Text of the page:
Permanence– Emissionreductionsfromprojectimplementation are sustainedfor ‘longenough’
  • Conditions for PES
    Profitability of PES exists compared to existing landuses
    The beneficiaries have the capacity and are willing to pay for these actions
    A defined group of people is willing to undertake these actions – sellers.
    Certain actions can be taken to conserve, restore or enhance that environmental service
    The service is of great importance to a well defined group of people - beneficiaries
    Access to a clearly defined environmental service is not optimum, or is under threat or declining – baseline
  • Actors
    WHO PAYS?
    • Companies: Airlines, courier; Coca cola; breweries; Mining; Water bottling; Irrigation
    • Banks: World Bank – Ug, Tz
    • Governments: Norway, US, South Africa, Zambia
    • Events: CHOGM; World cup
    • Celebrities in music and film
    WHO GETS PAID?
    Communities
    Governments
    Industry
    Large-scale investors
    WHO FACILITATES?
    • Regulators
    • Brokers
    • Project developers
    • Researchers
  • Mechanisms of payment
  • PES schemes
    Public schemes: the state acts on behalf of ES buyers by collecting taxes and grants and pays ES providers.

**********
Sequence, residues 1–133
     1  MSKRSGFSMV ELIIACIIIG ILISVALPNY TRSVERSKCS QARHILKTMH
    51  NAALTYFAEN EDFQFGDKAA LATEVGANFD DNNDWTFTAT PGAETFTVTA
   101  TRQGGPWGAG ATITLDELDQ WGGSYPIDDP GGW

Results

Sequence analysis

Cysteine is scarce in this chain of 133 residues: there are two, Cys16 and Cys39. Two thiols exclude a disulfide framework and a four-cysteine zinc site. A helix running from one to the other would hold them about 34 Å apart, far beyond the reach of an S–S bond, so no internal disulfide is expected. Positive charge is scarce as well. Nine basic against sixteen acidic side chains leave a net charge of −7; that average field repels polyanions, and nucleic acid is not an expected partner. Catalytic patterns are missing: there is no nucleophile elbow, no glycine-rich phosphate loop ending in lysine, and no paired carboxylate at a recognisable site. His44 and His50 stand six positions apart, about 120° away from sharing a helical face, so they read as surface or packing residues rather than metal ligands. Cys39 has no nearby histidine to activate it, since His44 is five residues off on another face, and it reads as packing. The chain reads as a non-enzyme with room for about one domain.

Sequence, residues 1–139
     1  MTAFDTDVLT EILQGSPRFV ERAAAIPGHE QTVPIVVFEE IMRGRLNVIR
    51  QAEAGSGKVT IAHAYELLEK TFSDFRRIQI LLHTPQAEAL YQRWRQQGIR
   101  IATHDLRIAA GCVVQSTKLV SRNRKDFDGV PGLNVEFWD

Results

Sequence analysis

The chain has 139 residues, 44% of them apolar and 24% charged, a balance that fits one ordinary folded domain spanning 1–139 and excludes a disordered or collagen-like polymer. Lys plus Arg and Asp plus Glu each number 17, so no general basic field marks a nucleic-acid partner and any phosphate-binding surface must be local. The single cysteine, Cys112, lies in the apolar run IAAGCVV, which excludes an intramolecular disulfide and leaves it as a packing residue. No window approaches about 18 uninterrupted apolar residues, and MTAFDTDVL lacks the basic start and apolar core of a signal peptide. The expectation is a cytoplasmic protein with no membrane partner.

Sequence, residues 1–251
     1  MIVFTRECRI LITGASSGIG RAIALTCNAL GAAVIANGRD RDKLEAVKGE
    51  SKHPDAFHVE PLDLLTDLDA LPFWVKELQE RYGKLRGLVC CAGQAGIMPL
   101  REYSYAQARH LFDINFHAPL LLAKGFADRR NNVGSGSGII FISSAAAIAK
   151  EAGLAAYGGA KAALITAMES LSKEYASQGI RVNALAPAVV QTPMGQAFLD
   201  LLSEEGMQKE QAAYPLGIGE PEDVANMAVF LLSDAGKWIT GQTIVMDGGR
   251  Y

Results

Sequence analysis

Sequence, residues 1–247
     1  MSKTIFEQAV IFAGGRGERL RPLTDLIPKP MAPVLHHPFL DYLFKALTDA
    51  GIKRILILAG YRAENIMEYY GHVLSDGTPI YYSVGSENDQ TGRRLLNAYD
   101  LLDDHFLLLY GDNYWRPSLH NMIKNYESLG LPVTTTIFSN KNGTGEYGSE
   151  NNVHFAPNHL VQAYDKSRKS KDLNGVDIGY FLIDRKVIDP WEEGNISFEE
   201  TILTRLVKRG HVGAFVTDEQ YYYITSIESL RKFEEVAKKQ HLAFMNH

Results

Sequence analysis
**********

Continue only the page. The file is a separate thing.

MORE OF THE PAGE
Private schemes are more locally focused and buyers pay providers directly
    Use-restricting schemes rewards for capping resource extraction and land development; or for fully setting aside protected areas
    Asset-building schemes: Aimed at restoring or building ES from bare or degraded landscape.
  • Challenges for PES
    Conditionality or contingent periodic payments :
    • Difficult to achieve
    • Requires that funding is sustained
    • Regular monitoring is expensive
    Demand for ES is low
    PES costs are high for project start-up and running
    Risk of crowding out culturally rooted conservation values.
    PES maydecouple conservation from development
    Uneven power relations - providers can only be paid what beneficiaries give; Risk of elite capture
    PES may discriminate against those with weak tenure rights – biased towards better off
    New institutional linkages may be needed
    New skills required: land-use and service monitoring, facilitating negotiation, and financial intermediation; trust-building
    PES mechanisms are context-dependent – scaling up may be challenging
  • Conclusions
    PES has the added advantage of enhancing efficiency in natural resource conservation
    It enables accessing of new finances for natural resource management
    It is additional to other NR approaches
    Expectations from PES should be realistic: Primarily to deliver on ES and not be burdened with development agendas
    Potential service buyers should understand and be confident about PES in order to create the necessary demand
    A range of PES mechanisms should be considered to determine what fits the context
  • Thank You
    For more information, contact
    Sara Namirembe
    s.namirembe@cgiar.org
    World Agroforestry Centre
    http://www.worldagroforestrycentre.org